Meeting the needs of today

It is a great comfort to head home after a long day. Sometimes there’s a family to enjoy dinner with, sometimes there’s a great show to catch up on. Likely, for you and me, there is a dry roof and warmth to get through the night.

For an increasing number in Santa Clara County though, this is not reality. In just the last two years, the homeless count in the County has increased by 31%. The stories of those who are homeless are innumerable, their vulnerabilities are untold. How does our health system help this critical population?

We know that for many who are homeless, the healthcare system isn’t seen as a place for prevention, it is a last resort. But this model isn’t sustainable—for the health of the individual or for the County. What systems are in place to create the best health outcomes for those who are homeless?

You can trust that our health system means what it says. We serve everyone. No matter what. So that means we treat homeless individuals every day of the year for any health need. Period.

But you see, we can’t just patch up what’s immediately wrong and leave it be. With you by our side, we have made a deeper commitment to these patients. SCVMC believes that treating the whole person is the important work of our time. And you help us achieve this. Through one of our programs called “Whole Person Care”, a team of providers assesses the surrounding needs of a patient with complex issues and when the VMC Foundation can support them, your gifts allow us to be there.

Sometimes, the small things matter the most

Maria came across Whole Person Care’s radar because of how frequently she used emergency services to help her with health and behavioral health issues. Last winter, when Behavioral Health staff first reached out to her, she was living with her adult daughter in a rundown RV. The roof of the RV was leaking, causing mold and critter infestation – the situation was quite unsafe and exacerbated her health issues. Her housing was uninhabitable.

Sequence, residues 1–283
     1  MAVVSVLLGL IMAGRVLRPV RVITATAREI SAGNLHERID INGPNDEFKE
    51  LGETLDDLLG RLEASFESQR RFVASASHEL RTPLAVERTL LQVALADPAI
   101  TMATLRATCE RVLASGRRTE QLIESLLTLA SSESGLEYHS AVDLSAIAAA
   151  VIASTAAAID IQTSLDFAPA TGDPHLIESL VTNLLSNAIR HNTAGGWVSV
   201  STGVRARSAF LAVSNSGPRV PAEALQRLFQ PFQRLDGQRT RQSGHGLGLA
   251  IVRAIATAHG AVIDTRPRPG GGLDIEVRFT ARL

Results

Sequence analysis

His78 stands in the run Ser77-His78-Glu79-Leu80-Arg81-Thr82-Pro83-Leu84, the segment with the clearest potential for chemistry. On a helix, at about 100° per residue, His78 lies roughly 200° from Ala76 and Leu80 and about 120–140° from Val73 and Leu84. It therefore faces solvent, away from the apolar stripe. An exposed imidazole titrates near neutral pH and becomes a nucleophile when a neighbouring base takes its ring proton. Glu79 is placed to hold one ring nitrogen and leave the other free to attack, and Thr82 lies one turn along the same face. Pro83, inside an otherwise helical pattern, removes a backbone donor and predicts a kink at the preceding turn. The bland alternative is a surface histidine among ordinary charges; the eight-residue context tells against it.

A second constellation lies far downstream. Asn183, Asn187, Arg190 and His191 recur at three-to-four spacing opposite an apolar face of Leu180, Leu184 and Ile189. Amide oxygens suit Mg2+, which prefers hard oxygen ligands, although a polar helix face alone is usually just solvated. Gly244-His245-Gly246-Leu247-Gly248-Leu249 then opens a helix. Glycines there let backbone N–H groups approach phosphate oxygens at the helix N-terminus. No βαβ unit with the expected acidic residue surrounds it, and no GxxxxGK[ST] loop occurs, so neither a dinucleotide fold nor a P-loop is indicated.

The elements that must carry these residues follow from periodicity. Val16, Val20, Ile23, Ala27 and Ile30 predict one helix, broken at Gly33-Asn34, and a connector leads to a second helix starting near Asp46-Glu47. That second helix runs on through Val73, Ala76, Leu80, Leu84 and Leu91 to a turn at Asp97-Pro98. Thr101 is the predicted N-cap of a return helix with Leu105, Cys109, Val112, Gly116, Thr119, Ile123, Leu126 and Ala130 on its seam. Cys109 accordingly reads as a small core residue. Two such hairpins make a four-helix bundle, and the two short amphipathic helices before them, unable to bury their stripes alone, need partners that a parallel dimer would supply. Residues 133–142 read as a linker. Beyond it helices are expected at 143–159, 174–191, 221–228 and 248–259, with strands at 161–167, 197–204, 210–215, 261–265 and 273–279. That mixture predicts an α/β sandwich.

Working with Maria’s care team, the VMC Foundation was able to provide critical funding for a tarp and other survival items such as clean clothes and food. These “small things” matter because beyond meeting Maria’s basic needs and improving her living situation so she could more safely survive the winter, they helped build trust and rapport with Maria’s behavioral health team. And that trust and rapport led to her working with staff to get connected to resources to meet her critical needs — including housing.

Fast forward to May 2019, and Maria has officially moved into permanent supportive housing and can focus on achieving her health and wellness goals.

Maria’s story illustrates the powerful relationship between donor support and health outcomes for our homeless population. The issue is big and it is unyielding. But one thing we know is that this partnership is sacred. Our champions in the community, donors like you, make it possible for the VMC Foundation to bridge the gaps that can feel too big to bridge. Until together, we get it done.

The County Hospital: When the Community Needs Us

Charlie and his brothers

In 1945, the Santa Clara valley was living through sharp incongruities. While the country had just succeeded in protecting democracy in World War II, domestically, communities were still reconciling with injustice and the human costs of Japanese internment. While the vast stretches of land in Santa Clara County were filled with mass producing orchards and vineyards, the region’s economic engine was fast transitioning to canning, industrialism and technology. Workers in the area reflected the diversity of immigrants and migrants to the Bay Area, and yet so many were shut out of jobs and economic opportunities—especially recently released Japanese-Americans and returning war veterans.